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The mystery of the frozen pond

Strange circular markings have appeared in a fozen pond in upstate New York. There are a couple of posisble explanations:

(Fox sorry) — Intriguing circular formations are known to occur throughout the natural world during seasonal freeze and thaw cycles. In areas of permafrost (like the northern Canadian tundra), the expansion of ice beneath the soil surface — a process called frost heaving — creates raised landforms called lithalsas. Lithalsas often form circular or ring-shaped patterns on the surface.Frost heaving also creates a related landform called a pingo. Over many years, pingos can grow into small, circular hills: The tallest known pingo is the Kadleroshilik Pingo in Alaska, which reaches 178 feet in height.

It’s not the best picture to judge from, but it does not resemble any frost heaving I’ve ever seen. It also doesn’t look like the markings an alien race that presumably traveled light years would leave behind, which, yes, is another explanation making the rounds (I tried to include the image, but as many of you know, computers and the software that runs them grow less capable and more confusing every year, posting the image was not possible). It looks like a human prank and of course that’s what it is.

Comments

  1. Ben P says

    It looks like a human prank and of course that’s what it is.

    The “warm water” explanation sounds pretty reasonable to me. We had something not dissimilar in a pond where I lived as a child, although it was one circle and not several. There was a water discharge pipe from some agricultural operation which (for some reason) had its mouth placed under water. (the pond was low compared to the surrounding land, so I can see how it would still function).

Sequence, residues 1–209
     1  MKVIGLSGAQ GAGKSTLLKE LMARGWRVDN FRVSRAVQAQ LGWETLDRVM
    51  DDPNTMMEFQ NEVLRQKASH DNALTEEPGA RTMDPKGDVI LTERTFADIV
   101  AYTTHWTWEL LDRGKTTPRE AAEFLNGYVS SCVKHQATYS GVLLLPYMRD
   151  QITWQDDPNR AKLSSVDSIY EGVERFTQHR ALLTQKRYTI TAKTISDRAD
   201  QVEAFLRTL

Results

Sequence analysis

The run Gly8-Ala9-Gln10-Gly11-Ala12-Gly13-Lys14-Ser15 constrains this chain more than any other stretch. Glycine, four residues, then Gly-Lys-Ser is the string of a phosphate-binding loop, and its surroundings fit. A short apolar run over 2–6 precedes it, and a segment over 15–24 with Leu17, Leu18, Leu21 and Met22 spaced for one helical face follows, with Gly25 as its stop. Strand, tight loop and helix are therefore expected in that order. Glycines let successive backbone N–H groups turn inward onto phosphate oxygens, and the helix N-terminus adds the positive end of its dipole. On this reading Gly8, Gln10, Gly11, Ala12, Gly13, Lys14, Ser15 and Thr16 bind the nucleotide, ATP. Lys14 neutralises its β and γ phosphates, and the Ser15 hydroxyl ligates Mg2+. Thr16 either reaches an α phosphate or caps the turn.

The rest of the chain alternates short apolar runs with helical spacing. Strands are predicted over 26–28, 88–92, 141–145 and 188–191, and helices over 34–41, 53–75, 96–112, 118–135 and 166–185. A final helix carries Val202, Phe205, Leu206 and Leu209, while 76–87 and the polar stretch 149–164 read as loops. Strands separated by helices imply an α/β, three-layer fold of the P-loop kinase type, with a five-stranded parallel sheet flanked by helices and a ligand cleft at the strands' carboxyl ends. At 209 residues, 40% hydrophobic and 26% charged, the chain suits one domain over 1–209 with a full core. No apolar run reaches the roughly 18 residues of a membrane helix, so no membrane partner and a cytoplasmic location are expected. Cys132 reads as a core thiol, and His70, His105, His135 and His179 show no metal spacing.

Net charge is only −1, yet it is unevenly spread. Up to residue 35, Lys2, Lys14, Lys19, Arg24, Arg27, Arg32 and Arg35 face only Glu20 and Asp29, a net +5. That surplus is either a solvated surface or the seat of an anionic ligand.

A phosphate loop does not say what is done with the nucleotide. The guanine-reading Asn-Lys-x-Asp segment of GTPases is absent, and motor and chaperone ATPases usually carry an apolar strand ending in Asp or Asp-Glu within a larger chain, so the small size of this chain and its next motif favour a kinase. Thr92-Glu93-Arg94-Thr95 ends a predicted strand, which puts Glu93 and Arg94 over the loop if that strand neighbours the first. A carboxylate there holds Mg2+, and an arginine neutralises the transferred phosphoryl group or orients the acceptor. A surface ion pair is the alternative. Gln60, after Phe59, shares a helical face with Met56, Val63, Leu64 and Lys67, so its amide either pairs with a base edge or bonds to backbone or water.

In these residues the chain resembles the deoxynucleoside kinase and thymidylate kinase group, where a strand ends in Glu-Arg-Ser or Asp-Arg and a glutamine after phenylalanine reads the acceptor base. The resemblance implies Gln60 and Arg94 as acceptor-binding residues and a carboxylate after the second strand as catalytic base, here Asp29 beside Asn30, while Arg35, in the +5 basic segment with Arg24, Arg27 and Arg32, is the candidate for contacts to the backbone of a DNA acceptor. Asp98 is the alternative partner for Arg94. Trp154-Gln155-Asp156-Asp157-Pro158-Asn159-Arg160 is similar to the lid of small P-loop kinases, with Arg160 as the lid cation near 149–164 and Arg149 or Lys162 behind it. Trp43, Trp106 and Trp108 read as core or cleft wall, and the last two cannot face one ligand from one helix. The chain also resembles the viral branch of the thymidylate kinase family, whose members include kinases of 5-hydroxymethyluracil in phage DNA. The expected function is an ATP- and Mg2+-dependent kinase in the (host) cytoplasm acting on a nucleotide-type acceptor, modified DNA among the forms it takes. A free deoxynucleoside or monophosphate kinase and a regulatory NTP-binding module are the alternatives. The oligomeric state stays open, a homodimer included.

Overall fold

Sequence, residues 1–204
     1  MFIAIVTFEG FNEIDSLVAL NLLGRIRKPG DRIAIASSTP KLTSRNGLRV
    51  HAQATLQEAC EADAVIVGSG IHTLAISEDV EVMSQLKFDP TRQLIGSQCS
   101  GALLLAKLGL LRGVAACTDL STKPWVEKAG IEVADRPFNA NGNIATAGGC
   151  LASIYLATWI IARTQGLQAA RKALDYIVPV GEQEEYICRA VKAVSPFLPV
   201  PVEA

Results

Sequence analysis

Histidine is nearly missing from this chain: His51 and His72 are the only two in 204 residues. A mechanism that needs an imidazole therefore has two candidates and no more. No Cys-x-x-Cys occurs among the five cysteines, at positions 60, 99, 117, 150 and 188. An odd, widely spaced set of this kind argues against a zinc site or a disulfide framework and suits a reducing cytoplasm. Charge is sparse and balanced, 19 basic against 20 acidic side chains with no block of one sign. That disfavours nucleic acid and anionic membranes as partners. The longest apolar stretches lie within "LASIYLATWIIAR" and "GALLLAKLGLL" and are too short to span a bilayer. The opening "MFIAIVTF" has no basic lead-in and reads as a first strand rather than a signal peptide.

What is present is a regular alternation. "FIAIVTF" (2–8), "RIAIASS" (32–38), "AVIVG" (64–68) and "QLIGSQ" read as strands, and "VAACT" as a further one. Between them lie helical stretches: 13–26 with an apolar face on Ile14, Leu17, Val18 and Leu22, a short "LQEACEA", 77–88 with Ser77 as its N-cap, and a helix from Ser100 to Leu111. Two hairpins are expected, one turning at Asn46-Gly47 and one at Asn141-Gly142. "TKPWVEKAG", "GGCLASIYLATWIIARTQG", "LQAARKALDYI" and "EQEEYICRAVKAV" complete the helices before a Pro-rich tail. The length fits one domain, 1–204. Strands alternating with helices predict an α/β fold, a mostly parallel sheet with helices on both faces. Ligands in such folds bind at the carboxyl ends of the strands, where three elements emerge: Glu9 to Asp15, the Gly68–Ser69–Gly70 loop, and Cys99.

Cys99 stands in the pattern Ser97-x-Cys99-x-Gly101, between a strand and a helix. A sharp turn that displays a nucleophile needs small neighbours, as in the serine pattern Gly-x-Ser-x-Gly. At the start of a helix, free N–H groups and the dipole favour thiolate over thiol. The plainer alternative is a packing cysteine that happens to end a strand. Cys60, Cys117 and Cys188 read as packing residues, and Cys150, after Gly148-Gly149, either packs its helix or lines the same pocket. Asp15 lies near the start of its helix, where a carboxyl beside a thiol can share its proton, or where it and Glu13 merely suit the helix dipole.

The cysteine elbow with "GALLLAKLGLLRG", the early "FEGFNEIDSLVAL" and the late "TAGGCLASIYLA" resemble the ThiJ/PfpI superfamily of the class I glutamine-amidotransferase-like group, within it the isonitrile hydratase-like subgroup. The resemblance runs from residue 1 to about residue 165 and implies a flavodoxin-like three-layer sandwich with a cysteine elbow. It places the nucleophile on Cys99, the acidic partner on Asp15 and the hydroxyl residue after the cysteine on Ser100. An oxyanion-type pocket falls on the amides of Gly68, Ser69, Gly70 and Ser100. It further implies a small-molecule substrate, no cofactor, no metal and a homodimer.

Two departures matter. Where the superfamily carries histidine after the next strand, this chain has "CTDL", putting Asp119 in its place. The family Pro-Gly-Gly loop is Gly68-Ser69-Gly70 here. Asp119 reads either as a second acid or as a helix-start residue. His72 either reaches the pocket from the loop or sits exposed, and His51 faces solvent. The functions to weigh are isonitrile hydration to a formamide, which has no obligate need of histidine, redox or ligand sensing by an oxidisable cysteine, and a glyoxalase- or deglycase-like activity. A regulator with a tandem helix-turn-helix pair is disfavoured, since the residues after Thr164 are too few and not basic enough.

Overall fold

Every year when the pond froze, the discharge water was enough warmer than the pond water that there’d be a circular-ish hole in the ice where the end of the discharge pipe was. It didn’t look quite like that, but was similar. you’d see a completely frozen pond with about a 15 foot circle unfrozen in the middle.

  2. BaisBlackfingers says

    It’s a frozen pond? Warm water is plausible, but in the absence of a current or other agitation, anything dissolving underneath should make a roughly spherical freezing point gradient. If the ambient temperature is borderline freezing, why not expect roughly circular holes in surface ice to result?

  3. Tsu Dho Nimh says

    Warmer water inlet or inlets, causing open water or thinner ice above the inlet:

    https://sphotos-b.xx.fbcdn.net/hphotos-prn1/536956_10151332548028460_412574579_n.jpg

    is at a pond near a ski area that stores water for the snow making. The hole is pretty raggedy right now, because a foot or more of snow is melting off it, but it’s a constant feature except after heavy snowfalls.

    The round spot is directly above where the meltwater from the slopes enters the catch pond.

  4. StevoR : Free West Papua, free Tibet, let the Chagossians return! says

    Fox sorry

    I thought it was just Fox “news” but good to hear they are labeling themselves better these days!

    Looks like someones supersized one of those scone maker / cookie cuter metal circles and had fun with it.

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